introduction to philosophy

course description

This class provides a brief introduction to philosophy, focusing on questions about the possibility and limits of human knowledge.  Some of the questions we will approach include:  Can we ever know the true nature of reality?  What is the relationship between the way things seem to us and the way they really are?  Could we be seriously mistaken or deceived about the world?  Is the nature of reality somehow determined by our minds or by our perception of it, or is the world “mind-independent,” existing whether anyone perceives it or not?  And, perhaps most importantly:  Can we offer serious answers to any of these questions—and if so, how?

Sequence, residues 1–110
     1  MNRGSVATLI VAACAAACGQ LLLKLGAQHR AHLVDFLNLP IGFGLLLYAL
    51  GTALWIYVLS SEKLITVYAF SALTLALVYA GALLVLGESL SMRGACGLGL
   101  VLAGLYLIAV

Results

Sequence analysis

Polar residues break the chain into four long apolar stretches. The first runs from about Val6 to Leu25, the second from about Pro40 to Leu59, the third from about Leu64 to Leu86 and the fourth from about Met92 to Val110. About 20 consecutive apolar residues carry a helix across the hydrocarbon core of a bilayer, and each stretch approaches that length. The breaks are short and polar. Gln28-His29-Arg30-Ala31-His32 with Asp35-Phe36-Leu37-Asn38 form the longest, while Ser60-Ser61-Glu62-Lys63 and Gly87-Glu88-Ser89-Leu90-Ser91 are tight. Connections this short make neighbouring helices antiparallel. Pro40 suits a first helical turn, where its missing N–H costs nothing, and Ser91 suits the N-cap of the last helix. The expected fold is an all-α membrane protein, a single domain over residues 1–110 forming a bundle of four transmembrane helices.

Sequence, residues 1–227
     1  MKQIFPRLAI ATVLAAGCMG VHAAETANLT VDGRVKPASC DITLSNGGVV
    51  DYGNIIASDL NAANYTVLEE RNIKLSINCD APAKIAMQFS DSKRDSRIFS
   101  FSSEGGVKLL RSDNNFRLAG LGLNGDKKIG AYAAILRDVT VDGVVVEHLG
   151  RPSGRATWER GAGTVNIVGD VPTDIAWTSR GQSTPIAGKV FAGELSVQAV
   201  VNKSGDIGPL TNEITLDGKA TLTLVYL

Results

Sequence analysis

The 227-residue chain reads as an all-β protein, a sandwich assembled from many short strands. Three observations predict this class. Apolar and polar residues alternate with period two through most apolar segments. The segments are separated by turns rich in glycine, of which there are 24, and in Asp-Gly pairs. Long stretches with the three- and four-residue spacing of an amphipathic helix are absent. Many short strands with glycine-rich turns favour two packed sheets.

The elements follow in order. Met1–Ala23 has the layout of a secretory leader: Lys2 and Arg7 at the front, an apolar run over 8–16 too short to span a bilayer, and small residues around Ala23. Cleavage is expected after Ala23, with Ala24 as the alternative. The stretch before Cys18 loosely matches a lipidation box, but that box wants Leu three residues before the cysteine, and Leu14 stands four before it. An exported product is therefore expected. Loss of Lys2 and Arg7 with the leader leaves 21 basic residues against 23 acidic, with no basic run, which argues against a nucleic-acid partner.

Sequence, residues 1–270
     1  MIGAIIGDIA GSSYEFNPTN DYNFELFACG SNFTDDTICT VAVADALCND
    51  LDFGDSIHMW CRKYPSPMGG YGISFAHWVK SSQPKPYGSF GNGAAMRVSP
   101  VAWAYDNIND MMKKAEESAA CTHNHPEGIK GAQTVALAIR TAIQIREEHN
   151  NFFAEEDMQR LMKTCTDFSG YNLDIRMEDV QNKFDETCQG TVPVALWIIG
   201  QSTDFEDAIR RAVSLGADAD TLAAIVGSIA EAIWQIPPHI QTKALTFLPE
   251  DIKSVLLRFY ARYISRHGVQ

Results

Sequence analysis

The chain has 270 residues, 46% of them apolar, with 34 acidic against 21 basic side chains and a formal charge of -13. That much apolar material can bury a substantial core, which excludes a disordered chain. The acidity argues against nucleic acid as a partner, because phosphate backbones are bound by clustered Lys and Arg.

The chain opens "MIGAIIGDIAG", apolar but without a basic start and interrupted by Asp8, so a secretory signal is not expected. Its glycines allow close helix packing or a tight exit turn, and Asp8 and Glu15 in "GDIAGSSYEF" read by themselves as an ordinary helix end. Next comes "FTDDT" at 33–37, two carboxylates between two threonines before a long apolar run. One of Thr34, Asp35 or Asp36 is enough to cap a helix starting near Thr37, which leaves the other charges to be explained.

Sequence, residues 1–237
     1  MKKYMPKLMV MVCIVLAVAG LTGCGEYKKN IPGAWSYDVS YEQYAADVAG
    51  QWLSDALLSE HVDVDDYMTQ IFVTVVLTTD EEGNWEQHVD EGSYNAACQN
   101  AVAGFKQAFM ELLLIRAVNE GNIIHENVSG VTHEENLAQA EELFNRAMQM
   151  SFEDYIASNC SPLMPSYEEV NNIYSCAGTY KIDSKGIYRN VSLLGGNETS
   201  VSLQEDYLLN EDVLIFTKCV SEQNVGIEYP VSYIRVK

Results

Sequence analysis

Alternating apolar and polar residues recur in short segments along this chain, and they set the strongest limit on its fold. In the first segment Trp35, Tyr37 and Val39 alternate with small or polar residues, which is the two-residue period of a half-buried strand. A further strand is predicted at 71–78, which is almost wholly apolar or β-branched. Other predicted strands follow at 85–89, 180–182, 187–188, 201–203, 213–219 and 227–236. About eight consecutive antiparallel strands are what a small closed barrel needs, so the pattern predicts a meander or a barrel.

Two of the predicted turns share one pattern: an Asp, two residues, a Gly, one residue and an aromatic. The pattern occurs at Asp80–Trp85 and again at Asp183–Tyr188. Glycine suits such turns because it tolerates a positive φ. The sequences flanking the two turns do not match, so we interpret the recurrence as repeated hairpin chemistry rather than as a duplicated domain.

Throughout the semester, we will approach these questions by studying the work of several important philosophers in the Western European tradition, including Plato, Descartes, Berkeley, and Kant.   In studying their views and arguments, our goal is to understand and evaluate the reasons they think their positions are correct and to achieve a basic competency with the investigative and argumentative tools philosophers use to approach any issue.  Central to this approach is the method of philosophical argument—starting from premises that most parties to a disagreement would accept and moving to significant conclusions using clear and unobjectionable reasoning.  After taking this course, you should acquire a basic ability to not only evaluate the philosophical reasoning of others, but engage in some yourself.